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How to Lead without Leading – Part Two

Last time, we went over the importance of body movement, controlled momentum, and good posture in effortless leading. We’ll start today with two more tips, before wrapping up with a game that helps leaders improve their technique immensely.

Small is Classy

Consider the underarm turn in salsa or rumba. Leader’s are instructed to make a circle over their partner’s head to lead the turn. But did it occur to you that you can turn your partner the same amount with a tiny ‘halo circle’, as with a huge pot-stir? Which will cost you more effort?

You guessed it. When it comes to effortless leading, less is more. Here’s how to find the right amount of movement for your partner: start by leading as you normally would. Then, gradually make all your movements smaller, as through you were dancing in a tube that was slowly contracting.

When you reach the point where the movements are almost too small for your partner to pick up on, that’s the smallest you can go. Your aim is to give them the minimal amount of movement, while still getting them to where they need to be.

Spreading out the Energy

Learning any new way of moving can be confusing for your brain. It tries to replicate the movement, but often misfires, causing jerky or spastic actions. If you want to avoid hurting your partner or yourself, make some practice time alone to ‘calm down’ your leads.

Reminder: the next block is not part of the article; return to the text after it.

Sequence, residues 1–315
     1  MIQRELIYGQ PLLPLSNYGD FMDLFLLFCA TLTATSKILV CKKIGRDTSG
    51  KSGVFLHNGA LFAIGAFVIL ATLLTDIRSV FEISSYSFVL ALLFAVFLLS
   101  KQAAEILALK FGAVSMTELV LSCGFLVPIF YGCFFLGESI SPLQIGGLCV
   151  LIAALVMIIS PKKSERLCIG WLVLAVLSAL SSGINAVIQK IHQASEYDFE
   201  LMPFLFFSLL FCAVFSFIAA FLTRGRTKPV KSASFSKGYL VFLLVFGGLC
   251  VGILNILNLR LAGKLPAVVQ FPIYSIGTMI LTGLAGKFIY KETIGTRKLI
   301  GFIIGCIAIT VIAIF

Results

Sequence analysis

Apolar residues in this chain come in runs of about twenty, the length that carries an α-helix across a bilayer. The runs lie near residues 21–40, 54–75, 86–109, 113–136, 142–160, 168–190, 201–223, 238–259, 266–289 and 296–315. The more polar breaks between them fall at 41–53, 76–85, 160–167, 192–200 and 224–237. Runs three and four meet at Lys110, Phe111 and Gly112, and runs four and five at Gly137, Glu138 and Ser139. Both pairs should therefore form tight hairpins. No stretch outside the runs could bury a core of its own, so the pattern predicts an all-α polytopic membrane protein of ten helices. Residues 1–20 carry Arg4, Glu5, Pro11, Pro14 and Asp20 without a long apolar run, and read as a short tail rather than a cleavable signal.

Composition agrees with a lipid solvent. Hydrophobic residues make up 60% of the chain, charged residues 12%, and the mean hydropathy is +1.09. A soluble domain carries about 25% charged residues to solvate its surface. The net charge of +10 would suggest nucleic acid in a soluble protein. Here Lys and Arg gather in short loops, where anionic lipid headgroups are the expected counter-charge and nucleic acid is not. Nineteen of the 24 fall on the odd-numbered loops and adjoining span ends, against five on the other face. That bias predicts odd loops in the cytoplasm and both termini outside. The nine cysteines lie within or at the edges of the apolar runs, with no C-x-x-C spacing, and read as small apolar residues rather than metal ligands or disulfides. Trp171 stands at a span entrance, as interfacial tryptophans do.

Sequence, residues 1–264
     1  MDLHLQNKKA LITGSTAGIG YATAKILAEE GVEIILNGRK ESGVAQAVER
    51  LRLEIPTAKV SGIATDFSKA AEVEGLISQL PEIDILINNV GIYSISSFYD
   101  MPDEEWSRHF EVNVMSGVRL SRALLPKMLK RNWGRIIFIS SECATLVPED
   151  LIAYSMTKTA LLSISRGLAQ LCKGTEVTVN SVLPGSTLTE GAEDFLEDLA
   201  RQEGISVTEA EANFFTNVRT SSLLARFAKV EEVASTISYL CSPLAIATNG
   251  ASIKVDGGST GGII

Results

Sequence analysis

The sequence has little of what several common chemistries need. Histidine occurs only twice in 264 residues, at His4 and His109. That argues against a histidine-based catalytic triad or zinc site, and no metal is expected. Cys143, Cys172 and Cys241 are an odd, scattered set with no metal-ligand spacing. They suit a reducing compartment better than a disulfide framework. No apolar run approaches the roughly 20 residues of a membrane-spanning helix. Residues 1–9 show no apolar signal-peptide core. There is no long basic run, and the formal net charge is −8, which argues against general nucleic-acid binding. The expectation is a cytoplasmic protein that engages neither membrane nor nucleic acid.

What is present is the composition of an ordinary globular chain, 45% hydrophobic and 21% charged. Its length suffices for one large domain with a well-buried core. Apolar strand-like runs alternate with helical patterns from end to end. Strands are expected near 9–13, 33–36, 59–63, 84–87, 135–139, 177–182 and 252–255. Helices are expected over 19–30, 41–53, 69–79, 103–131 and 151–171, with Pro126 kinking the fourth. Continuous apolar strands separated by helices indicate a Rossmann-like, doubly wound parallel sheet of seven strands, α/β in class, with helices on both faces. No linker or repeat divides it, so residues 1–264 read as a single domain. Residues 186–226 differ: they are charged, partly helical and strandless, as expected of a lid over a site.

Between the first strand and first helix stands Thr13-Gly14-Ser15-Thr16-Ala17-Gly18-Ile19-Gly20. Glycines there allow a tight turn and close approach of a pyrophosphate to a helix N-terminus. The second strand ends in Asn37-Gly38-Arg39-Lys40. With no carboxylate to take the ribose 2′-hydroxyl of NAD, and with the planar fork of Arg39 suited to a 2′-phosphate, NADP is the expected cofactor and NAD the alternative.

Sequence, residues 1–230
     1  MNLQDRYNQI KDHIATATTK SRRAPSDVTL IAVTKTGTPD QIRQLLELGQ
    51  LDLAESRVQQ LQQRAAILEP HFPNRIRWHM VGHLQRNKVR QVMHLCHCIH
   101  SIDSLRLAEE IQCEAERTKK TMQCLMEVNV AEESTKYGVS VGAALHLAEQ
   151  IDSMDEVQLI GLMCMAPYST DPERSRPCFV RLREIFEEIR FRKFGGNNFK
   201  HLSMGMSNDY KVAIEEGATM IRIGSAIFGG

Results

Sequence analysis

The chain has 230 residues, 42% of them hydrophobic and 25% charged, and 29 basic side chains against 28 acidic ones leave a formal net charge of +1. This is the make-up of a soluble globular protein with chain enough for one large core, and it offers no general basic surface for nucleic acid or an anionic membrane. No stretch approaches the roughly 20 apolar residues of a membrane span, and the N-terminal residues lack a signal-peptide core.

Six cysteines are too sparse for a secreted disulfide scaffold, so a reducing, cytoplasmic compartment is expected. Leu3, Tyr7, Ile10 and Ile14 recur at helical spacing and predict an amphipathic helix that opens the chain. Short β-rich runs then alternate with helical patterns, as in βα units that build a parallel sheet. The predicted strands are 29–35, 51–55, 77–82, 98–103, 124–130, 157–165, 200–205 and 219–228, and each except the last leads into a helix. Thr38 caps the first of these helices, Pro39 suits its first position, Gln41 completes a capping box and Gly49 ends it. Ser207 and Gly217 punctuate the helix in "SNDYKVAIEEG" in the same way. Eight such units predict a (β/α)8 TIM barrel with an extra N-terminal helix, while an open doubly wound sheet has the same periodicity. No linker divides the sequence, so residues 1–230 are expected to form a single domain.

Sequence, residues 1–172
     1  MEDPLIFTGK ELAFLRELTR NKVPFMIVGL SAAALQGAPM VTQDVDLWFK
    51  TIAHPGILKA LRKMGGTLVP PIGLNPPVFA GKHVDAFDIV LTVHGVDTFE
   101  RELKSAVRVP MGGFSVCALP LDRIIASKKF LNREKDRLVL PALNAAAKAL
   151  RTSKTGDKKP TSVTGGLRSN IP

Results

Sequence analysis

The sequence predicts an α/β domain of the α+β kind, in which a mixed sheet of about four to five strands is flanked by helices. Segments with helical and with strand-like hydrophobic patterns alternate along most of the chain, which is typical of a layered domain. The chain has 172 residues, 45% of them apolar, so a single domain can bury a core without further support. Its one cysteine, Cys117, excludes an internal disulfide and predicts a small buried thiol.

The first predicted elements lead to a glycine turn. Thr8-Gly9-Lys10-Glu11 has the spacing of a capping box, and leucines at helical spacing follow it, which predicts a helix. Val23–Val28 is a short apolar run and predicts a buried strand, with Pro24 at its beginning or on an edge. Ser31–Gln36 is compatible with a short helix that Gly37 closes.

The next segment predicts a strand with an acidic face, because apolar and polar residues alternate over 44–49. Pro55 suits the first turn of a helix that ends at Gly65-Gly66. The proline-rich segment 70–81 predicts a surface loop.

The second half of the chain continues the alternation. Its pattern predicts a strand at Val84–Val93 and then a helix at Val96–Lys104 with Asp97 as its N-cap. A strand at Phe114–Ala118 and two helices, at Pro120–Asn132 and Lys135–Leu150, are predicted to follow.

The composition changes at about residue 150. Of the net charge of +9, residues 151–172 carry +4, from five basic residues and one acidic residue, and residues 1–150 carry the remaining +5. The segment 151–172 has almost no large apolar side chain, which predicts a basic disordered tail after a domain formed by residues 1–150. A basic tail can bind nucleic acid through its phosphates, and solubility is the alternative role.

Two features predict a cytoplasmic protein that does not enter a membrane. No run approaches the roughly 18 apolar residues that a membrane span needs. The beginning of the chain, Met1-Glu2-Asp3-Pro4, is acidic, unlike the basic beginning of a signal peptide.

Here’s how it works: Your brain is overwhelmed with new information, so it is late in recognizing when a specific lead has to happen. Then, instead of waiting for the next opportunity, it tries to cover the oversight with a very sudden, fast movement. Imagine if we drove our cars this way!

Through practicing, your brain will be more ready to start the lead earlier. Once you have that down, practice movingsmoothly into the lead, as though you were moving through water. This earlier but smoother lead will give you a relaxed look, while being a LOT easier to follow.

Plan ahead – The Leader Game

Probably the biggest cause of ‘leading through exertion’, is being surprised by something in the dance. When we get hit by something we weren’t planning for, all our hard-won good habits have a way of flying out the window. To avoid this, we must learn to plan ahead.

Here’s the rules of the game:

  1. Dance three basic steps in a row. If you don’t have the room for this, you might use a step that doesn’t travel much instead, like a left rock turn over a foxtrot basic.
  2. Practice this step until you feel you could lead it confidently and effortlessly.
  3. Now, dance it three more times. After the third time, throw in a different step you know. Use the three basics to plan for how to lead it.
  4. After the different step, return to your three basics and repeat.

If this is easy, see if you can last a whole song, or reduce the number of basics to two or one. If it’s hard, restrict the different steps you are allowed to do to just two or three options – this will keep you from getting drowned in choices.

We all want to look ‘like we’ve been doing this for years’. So straighten that posture, keep the movement small and smooth, and prepare for a rousing leader game. Good luck!


About the Author

Ian Crewe has been dancing ballroom for over 18 years, and has a Licentiate in American smooth and rhythm. His passion for dance and his endless seeking for ways to reach new audiences eventually led him to blogging and the World Wide Web. Ian currently teaches at the Joy of Dance Centre, Toronto, ON, Canada.

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